Old Masters Academy

Oil painting essential materials and techniques: Good Paints and Pigments

Oil painting essential materials and techniques: Good Paints and Pigments



Oil painting essential materials and techniques:

Good Paints and Pigments

Oil painting essential materials -techniques-Good Paints

Good Paints.—The three things on which the quality of good paint depends are good pigment, good vehicles, and good preparation.

The pigments used are of mineral, chemical, and vegetable origin. The term pigment technically means the powdered substance which, when mixed with a vehicle, as oil, becomes oil paint.

The most important pigments now used are artificial products, chiefly chemical compounds, including chemical preparations of natural mineral earths.

As a rule, the colors made from earths may be classed as all permanent; those from chemicals, permanent or not, as the case may be; and those of vegetable origin fugitive, with few exceptions.

Some colors are good when used as water colors, and bad when used in oil.

Further on I will speak of the fugitiveness and permanency of colors in detail. I wish here to emphasize the fact that the origin of the material of which the pigment is made has much to do with the sort of work that that pigment will do, and with the permanency of the effect which is produced; and therefore that while a paint may look like another, its working or its lasting qualities may be quite different.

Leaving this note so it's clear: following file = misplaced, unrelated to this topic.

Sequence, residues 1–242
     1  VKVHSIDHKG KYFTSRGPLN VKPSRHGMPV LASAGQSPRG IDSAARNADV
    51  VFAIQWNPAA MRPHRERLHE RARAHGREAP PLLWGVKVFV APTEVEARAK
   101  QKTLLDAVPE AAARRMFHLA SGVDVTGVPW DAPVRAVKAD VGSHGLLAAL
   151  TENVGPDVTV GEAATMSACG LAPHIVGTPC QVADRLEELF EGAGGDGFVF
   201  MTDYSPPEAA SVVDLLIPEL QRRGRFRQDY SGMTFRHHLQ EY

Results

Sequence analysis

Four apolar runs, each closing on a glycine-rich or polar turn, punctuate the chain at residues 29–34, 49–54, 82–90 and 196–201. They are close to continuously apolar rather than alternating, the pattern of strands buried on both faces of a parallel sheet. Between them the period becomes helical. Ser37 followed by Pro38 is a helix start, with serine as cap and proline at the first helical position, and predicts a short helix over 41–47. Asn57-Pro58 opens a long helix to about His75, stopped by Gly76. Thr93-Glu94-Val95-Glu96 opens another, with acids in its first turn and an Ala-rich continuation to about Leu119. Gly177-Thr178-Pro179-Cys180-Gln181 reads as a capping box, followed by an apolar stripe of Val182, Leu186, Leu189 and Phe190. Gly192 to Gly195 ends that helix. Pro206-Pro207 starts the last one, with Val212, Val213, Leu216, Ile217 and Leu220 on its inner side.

The Vehicles.—The vehicles by which the pigment is made fluent and plastic are quite as important in their effects. They not only have to do with the business of drying, owing to the substances used as dryers, but they may have to do with the chemical action of one pigment on another.

The Preparation.—Finally, the preparation of the pigment demands the utmost skill and knowledge, if the colors are to be good. The oil paints used by the old masters were few and simple, and the fact that they prepared them themselves had much to do with the manner in which they kept their color. The paints used now are less simple. We do not prepare and grind them ourselves, and we could hardly do so if we wished to, so we are the more dependent on the integrity of the colorman who does it for us.

The preparation of the paint begins with the chemical or physical preparation of each pigment, and then comes the mixing of several to produce any particular color; and finally the mechanical process of grinding with the proper vehicle to bring it to the proper fineness and smoothness.

 

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